alexa Leukotriene B4, an activation product of mast cells, is a chemoattractant for their progenitors.
Pathology

Pathology

Journal of Clinical & Experimental Pathology

Author(s): Weller CL, Collington SJ, Brown JK, Clark P, Miller HR, AlKashi A

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Mast cells are tissue-resident cells with important functions in allergy and inflammation. Pluripotential hematopoietic stem cells in the bone marrow give rise to committed mast cell progenitors that transit via the blood to tissues throughout the body, where they mature. Knowledge is limited about the factors that release mast cell progenitors from the bone marrow or recruit them to remote tissues. Mouse femoral bone marrow cells were cultured with IL-3 for 2 wk and a range of chemotactic agents were tested on the c-kit(+) population. Cells were remarkably refractory and no chemotaxis was induced by any chemokines tested. However, supernatants from activated mature mast cells induced pronounced chemotaxis, with the active principle identified as leukotriene (LT) B(4). Other activation products were inactive. LTB(4) was highly chemotactic for 2-wk-old cells, but not mature cells, correlating with a loss of mRNA for the LTB(4) receptor, BLT1. Immature cells also accumulated in vivo in response to intradermally injected LTB(4). Furthermore, LTB(4) was highly potent in attracting mast cell progenitors from freshly isolated bone marrow cell suspensions. Finally, LTB(4) was a potent chemoattractant for human cord blood-derived immature, but not mature, mast cells. These results suggest an autocrine role for LTB(4) in regulating tissue mast cell numbers.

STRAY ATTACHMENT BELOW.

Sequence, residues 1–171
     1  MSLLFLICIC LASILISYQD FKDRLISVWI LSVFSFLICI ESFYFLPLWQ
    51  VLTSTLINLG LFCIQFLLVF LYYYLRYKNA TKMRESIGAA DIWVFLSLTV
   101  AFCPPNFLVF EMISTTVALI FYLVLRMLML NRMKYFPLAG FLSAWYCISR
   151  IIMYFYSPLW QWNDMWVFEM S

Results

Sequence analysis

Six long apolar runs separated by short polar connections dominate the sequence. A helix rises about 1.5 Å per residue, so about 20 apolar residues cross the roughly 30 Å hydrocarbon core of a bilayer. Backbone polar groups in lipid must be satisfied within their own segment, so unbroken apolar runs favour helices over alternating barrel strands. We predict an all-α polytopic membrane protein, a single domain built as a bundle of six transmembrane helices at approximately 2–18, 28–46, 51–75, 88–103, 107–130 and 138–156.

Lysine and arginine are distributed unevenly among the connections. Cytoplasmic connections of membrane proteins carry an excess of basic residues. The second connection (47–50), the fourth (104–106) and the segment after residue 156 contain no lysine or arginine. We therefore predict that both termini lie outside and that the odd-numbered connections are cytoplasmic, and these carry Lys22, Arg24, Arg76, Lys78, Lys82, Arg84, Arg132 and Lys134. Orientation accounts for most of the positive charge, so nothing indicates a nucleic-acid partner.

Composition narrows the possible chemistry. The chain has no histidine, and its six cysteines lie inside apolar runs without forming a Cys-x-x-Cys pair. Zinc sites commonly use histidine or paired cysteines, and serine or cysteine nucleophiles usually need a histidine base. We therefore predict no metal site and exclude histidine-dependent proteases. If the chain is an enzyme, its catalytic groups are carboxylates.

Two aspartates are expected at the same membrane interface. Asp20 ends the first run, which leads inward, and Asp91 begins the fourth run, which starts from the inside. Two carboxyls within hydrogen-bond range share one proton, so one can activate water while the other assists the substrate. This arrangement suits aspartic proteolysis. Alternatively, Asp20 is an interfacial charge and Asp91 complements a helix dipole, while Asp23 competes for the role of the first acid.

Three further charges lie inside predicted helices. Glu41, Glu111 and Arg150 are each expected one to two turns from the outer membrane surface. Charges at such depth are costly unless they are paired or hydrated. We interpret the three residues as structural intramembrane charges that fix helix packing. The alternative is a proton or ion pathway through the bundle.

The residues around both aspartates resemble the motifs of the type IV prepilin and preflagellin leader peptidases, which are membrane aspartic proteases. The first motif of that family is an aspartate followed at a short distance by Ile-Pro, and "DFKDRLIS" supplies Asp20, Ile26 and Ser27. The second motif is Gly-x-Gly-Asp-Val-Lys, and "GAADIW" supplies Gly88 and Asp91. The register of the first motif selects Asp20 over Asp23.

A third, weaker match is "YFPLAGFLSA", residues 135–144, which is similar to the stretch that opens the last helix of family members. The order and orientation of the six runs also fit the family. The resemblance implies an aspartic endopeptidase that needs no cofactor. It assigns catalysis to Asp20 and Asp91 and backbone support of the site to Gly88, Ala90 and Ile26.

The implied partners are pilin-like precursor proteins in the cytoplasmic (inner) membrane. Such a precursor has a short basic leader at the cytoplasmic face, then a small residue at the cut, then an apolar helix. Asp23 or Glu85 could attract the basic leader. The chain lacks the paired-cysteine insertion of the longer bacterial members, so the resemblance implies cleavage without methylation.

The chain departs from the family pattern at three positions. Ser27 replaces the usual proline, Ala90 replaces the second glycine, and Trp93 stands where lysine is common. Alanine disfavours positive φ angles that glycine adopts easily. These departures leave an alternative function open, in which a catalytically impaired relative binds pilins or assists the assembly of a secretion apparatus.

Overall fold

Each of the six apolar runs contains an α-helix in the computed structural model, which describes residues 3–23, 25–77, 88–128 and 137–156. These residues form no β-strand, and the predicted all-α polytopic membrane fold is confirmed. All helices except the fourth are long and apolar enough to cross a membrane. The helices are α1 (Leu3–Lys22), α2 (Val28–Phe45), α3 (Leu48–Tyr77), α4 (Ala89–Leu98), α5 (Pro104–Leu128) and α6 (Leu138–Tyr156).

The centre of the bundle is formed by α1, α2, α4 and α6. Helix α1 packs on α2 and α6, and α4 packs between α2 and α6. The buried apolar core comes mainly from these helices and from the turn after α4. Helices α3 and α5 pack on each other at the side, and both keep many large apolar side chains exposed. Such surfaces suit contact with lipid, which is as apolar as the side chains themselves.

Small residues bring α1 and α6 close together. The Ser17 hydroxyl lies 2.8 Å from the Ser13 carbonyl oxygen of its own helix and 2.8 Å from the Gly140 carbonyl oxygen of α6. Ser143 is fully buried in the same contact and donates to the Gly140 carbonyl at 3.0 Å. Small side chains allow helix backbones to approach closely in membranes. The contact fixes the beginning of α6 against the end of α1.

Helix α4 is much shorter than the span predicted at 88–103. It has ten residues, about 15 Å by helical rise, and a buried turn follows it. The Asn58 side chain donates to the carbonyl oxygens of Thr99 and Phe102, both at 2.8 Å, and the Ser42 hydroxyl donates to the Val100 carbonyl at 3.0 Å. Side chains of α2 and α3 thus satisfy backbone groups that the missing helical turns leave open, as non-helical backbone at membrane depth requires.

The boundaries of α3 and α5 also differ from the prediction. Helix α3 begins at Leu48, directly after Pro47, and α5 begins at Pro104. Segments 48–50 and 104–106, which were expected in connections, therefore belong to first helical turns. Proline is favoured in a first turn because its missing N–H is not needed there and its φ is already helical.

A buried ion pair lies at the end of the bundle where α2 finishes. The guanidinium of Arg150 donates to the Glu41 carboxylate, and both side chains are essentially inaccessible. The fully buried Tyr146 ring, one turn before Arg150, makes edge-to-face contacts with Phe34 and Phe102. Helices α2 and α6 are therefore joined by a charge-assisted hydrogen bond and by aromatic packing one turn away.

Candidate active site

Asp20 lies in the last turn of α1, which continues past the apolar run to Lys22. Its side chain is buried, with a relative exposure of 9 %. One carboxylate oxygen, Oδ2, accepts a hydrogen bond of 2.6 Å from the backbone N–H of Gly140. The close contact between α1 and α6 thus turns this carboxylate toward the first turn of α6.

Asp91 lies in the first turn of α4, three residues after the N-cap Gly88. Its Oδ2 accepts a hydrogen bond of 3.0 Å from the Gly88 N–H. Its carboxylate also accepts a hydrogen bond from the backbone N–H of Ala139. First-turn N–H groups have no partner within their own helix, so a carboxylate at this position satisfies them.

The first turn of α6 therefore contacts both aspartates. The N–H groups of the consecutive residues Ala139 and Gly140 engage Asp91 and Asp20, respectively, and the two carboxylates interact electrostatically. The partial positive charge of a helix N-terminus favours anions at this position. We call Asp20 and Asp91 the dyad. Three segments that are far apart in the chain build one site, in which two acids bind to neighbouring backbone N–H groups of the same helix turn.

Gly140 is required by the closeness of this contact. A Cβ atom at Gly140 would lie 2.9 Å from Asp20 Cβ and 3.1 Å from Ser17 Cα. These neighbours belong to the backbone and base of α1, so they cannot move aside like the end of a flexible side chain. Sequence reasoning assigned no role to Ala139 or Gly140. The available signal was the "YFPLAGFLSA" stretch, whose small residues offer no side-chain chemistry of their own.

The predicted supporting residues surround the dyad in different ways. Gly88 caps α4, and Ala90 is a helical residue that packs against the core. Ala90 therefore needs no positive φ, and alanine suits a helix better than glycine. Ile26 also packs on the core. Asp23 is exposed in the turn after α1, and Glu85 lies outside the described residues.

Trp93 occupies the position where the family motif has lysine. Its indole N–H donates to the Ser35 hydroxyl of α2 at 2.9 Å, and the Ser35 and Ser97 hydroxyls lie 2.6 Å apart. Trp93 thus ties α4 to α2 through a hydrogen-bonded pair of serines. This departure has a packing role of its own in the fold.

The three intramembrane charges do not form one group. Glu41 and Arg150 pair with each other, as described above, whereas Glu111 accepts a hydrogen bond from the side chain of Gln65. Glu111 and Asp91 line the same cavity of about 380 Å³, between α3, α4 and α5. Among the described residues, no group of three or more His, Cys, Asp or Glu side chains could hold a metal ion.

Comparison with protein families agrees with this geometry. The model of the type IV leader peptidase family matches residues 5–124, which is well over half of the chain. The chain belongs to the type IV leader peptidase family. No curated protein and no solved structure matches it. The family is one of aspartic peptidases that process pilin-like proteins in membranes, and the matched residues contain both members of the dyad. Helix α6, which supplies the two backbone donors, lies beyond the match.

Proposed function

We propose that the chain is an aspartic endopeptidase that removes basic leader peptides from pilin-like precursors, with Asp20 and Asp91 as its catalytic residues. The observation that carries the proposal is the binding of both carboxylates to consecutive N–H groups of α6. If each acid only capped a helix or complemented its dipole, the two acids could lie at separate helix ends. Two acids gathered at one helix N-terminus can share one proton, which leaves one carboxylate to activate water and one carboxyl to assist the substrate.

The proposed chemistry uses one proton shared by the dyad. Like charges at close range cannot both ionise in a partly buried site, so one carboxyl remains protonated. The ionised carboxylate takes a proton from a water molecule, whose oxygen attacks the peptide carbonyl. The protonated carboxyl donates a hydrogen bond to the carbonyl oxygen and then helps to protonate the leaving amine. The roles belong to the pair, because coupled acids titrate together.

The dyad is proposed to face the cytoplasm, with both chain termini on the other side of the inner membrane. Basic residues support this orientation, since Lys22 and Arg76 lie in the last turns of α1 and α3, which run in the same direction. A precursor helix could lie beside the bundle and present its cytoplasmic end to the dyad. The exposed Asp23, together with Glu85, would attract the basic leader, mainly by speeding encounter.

This article was published in J Exp Med. and referenced in Journal of Clinical & Experimental Pathology

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